While you’re breezing through Instagram this weekend, remember to check the #Manhattanhenge hashtag. The first of the twice-yearly occurrences happens over two nights this weekend: at 8:12 p.m. tonight (half sun), and 8:12 p.m. on Saturday (full sun), along the east-west streets of the Manhattan grid.
The final Manhattanhenge of the year occurs at 8:20 p.m. on Sunday, July 12 (full sun), and 8:21 p.m. on Monday, July 13 (half sun).
Astrophysicist and Cosmos steward Neil deGrasse Tyson coined the term and writes this for the American Museum of Natural History about the 2015 events:
For best effect, position yourself as far east in Manhattan as possible. But ensure that when you look west across the avenues you can still see New Jersey. Clear cross streets include 14th, 23rd, 34th, 42nd, 57th, and several streets adjacent to them. The Empire State Building and the Chrysler building render 34th and 42nd streets especially striking vistas.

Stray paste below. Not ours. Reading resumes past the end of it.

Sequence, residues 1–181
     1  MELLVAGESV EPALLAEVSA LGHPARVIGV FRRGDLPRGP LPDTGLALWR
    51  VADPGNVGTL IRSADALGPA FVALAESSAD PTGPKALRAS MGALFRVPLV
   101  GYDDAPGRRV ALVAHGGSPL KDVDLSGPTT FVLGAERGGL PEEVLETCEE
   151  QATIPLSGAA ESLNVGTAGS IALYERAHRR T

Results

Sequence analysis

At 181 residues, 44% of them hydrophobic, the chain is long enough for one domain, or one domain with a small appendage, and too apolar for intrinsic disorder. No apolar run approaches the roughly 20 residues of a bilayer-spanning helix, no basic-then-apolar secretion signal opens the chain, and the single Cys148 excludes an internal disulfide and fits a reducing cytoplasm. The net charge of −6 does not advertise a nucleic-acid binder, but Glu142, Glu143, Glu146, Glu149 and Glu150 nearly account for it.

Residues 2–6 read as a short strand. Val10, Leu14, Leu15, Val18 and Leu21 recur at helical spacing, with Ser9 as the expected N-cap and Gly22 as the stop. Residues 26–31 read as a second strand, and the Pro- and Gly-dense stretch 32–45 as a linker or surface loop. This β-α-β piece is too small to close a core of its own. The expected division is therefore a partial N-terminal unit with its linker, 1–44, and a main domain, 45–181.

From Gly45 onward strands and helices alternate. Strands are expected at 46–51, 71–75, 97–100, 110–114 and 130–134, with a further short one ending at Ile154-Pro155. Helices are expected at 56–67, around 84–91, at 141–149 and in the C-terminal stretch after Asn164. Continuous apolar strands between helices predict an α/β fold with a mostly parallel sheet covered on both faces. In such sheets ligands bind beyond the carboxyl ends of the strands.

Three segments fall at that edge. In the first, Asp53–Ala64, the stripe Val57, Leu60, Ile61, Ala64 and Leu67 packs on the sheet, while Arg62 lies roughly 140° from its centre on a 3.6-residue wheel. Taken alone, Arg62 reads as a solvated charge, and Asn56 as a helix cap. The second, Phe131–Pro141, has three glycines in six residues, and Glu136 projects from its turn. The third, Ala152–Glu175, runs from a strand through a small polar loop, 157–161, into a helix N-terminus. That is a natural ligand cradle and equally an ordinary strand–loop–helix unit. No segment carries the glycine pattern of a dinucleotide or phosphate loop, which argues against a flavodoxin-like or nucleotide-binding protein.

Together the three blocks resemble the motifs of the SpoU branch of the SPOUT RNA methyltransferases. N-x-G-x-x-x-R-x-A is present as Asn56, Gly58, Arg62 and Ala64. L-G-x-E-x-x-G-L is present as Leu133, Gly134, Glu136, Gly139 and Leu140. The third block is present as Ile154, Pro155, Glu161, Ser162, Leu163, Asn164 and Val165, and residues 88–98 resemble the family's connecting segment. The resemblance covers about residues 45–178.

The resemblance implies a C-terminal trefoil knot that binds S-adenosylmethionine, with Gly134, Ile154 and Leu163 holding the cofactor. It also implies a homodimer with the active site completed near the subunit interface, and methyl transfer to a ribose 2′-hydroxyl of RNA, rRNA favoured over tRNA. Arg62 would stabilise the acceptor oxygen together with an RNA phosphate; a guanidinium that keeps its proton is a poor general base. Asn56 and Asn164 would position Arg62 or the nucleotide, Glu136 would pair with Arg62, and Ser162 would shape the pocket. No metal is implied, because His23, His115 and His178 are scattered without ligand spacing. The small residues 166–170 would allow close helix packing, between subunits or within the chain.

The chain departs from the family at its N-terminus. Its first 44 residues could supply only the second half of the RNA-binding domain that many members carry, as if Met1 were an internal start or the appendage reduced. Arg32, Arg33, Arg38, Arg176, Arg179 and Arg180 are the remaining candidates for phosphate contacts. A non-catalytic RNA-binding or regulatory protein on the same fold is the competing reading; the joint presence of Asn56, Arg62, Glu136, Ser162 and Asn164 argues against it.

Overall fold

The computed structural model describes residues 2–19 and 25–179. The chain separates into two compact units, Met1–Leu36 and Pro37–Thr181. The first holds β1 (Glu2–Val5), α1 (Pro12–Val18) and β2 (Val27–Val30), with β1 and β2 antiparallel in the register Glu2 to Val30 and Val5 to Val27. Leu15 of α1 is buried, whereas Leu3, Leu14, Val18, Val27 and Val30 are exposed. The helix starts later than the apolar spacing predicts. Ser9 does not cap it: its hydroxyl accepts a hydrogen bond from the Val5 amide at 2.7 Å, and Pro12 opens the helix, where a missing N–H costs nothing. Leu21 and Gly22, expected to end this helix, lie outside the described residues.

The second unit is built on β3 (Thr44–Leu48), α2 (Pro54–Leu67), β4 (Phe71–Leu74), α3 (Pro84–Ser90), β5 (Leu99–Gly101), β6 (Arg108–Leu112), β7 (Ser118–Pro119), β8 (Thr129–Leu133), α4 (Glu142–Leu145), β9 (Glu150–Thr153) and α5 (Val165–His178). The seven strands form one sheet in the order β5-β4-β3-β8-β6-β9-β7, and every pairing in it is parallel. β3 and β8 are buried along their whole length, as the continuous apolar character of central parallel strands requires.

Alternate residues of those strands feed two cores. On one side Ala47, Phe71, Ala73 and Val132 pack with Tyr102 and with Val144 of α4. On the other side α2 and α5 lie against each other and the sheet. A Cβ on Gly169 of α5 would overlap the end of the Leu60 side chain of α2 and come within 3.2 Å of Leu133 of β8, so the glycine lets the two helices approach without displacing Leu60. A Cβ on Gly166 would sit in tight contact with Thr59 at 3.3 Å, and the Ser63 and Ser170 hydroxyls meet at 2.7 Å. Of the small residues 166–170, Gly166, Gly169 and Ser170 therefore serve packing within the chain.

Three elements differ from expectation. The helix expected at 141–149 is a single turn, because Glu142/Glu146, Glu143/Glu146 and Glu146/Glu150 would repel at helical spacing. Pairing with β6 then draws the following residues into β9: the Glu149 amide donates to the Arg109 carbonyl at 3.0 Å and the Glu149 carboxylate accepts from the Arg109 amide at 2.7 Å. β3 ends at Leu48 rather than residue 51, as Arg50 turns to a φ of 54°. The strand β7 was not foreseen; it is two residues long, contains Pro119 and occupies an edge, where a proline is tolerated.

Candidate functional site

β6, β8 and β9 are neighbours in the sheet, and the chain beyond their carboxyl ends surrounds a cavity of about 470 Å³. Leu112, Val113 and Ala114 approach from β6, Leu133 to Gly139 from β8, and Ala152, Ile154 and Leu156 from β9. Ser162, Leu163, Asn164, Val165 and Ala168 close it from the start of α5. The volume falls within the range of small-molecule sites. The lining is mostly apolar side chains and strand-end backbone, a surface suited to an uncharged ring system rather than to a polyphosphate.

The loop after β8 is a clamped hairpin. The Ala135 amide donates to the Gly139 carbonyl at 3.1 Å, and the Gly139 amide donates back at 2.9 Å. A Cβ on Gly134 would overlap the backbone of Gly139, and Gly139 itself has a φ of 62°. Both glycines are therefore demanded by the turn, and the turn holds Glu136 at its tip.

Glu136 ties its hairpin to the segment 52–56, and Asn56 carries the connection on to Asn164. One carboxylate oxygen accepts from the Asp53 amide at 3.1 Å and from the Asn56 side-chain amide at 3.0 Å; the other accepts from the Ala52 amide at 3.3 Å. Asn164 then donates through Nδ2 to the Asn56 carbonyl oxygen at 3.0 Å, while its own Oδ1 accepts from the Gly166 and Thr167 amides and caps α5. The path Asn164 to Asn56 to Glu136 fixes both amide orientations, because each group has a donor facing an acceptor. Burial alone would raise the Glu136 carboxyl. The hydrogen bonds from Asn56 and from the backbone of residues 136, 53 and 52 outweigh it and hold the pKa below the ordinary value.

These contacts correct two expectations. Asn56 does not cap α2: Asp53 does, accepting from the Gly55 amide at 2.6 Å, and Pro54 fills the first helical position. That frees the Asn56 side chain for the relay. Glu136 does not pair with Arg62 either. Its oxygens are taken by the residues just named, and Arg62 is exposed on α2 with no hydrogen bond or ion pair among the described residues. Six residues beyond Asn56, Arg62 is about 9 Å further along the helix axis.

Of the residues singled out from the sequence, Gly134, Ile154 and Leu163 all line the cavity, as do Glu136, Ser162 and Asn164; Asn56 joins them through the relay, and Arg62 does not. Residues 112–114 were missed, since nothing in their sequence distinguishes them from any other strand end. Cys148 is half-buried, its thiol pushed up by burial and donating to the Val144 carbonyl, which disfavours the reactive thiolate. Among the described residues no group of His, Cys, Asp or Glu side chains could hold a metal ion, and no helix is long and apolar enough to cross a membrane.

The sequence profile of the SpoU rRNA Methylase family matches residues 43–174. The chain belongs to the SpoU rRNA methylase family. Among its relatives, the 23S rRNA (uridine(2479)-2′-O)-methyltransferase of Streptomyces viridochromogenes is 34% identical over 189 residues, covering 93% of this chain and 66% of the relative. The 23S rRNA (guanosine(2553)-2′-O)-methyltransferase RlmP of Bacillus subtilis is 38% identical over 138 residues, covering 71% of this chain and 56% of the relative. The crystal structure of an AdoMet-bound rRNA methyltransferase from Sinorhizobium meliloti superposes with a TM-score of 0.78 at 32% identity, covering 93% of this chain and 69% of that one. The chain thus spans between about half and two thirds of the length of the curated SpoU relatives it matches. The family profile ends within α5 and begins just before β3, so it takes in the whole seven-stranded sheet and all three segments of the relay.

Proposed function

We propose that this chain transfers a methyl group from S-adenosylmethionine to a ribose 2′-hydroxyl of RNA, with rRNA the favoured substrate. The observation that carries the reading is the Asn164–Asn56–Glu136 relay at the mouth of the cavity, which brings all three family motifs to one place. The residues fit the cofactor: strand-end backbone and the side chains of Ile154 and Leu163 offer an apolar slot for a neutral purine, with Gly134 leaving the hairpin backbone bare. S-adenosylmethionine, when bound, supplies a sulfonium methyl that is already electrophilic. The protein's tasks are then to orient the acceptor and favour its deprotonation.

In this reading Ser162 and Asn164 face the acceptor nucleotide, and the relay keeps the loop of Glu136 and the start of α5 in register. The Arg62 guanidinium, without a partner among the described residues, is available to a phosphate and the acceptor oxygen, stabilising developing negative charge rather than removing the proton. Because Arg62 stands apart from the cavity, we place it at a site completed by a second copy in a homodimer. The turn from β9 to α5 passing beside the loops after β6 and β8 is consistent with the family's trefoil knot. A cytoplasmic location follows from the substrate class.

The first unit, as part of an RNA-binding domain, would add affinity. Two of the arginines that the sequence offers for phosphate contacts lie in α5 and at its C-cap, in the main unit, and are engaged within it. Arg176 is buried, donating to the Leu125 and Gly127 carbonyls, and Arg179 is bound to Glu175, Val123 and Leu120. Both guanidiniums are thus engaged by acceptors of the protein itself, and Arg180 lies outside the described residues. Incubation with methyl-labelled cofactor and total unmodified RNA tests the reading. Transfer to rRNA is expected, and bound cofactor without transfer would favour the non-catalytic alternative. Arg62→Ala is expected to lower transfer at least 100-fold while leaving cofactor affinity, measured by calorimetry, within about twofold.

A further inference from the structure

Here’s a map:
Tyson goes on:
True, some municipalities have streets named for the Sun, like Sunrise Highway on Long Island and the Sunset Strip in Los Angeles. But these roads are not perfectly straight. And the few times a year when the Sun aligns with one of their stretches of road, all you get is stalled traffic [as] solar glare temporarily blinds drivers.
So Manhattanhenge may just be a unique urban phenomenon in the world, if not the universe.
Here’s a video of the scene last July on 42nd Street. A word of advice: Arrive about an hour early to line up a good spot — or else you might as well just keep looking at pictures of it on your phone.